Amid the coronavirus epidemic, many of us have been living in fear of needing health care. For some, it’s due to the risk of catching COVID-19 during a doctor’s office or hospital visit; for others, it’s because of how expensive health care is. These days, all it takes is one surprise medical bill to send a patient into bankruptcy.
The United States’ health care system operates differently from many others in the world, with high costs for the individual as a main, distinguishing characteristic. In fact, the higher prices mean the U.S. spends more on health care than other “developed countries,” a 2019 Johns Hopkins report found.
What’s more, almost one in three Americans worries about affording health care, according to a February 2020 survey from NBC News. (Just recently, a man who was hospitalized with COVID-19 for 62 days received a $1.1 million medical bill.)
Insurance is designed for sudden expensive exposure that most of us cannot afford. If you look at those words again: sudden and expensive. It does not spell out the predictable and affordable. For years though, we had someone with the bigger purse paying the bills. Most of us had very little to pay out-of-pocket for any of our own medical expenses. At least until now.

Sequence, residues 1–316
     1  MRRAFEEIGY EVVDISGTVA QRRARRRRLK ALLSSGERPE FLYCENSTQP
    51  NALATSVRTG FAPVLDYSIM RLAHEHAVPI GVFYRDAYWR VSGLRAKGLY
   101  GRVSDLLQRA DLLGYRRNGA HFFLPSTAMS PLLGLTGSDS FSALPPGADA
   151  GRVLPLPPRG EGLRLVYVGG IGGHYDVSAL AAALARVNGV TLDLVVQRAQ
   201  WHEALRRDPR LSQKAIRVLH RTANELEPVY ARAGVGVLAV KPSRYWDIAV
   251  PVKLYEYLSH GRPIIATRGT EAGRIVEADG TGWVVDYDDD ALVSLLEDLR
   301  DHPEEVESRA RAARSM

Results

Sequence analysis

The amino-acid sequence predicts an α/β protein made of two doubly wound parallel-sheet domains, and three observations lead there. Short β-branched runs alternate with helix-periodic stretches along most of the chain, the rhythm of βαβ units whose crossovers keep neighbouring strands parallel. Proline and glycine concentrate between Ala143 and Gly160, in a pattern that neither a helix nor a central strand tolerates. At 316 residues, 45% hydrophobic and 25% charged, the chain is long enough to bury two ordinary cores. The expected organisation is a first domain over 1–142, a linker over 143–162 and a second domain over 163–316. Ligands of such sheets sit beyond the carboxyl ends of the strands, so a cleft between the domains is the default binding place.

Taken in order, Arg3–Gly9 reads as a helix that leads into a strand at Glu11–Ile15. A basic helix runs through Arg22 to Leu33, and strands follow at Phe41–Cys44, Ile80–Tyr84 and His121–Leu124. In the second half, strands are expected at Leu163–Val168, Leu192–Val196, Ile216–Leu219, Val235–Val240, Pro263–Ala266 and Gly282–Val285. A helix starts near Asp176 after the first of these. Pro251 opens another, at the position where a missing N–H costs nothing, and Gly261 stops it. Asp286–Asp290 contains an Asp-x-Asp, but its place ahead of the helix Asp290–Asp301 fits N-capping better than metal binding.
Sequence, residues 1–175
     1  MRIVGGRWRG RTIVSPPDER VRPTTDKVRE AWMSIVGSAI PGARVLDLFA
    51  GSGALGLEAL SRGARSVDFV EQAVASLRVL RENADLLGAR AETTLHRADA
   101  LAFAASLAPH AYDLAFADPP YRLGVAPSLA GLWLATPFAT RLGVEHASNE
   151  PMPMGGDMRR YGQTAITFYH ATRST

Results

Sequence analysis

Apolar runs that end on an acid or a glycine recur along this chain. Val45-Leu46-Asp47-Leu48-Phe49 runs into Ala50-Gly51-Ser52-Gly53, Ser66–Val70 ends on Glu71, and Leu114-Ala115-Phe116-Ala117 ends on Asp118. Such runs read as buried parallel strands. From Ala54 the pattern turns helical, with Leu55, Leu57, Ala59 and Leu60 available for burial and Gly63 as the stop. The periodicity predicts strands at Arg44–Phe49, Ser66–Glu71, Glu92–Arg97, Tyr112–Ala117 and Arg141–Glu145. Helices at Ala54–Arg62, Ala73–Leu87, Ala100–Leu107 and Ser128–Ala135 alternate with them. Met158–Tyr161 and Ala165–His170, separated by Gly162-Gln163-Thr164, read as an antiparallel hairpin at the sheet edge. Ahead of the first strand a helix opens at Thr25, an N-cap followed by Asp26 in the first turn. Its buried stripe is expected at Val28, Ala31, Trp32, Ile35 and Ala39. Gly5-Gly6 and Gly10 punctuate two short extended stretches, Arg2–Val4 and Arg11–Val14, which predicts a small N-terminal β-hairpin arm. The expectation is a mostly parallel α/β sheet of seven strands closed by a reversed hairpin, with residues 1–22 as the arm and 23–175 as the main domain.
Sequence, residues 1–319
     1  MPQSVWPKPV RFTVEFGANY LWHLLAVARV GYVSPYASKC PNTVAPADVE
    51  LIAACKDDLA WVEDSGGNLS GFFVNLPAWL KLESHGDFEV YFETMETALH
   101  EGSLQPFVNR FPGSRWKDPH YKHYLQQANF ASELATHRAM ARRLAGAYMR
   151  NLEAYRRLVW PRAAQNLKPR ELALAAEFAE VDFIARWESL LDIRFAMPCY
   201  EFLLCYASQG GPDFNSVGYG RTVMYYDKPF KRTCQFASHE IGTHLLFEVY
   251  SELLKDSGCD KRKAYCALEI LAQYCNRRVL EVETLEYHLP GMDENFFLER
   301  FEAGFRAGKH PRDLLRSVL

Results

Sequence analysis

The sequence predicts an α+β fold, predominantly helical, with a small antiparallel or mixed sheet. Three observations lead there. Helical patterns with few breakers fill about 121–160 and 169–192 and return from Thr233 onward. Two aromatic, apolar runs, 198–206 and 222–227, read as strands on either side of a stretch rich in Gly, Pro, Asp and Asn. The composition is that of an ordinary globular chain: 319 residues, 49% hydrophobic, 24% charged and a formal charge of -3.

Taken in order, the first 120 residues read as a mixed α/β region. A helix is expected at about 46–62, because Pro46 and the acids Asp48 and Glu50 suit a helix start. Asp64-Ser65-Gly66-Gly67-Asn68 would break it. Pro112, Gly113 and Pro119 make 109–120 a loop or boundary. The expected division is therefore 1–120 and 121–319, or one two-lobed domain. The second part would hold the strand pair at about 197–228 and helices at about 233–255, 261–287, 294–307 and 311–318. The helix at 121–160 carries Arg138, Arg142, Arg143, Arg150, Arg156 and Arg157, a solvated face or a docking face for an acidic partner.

It’s common knowledge that those who have more money tend to have more to spend without question. Insurance companies are not any different; they are the ones with the bigger purse. Medical providers know this as well. Over the last 50-60 years, the providers increased their prices to see what they can get away with, at the same time the insurance companies were negotiating for bigger discounts. This is how healthcare became big business. The insurance companies fronted this cost, and now we have to … Read More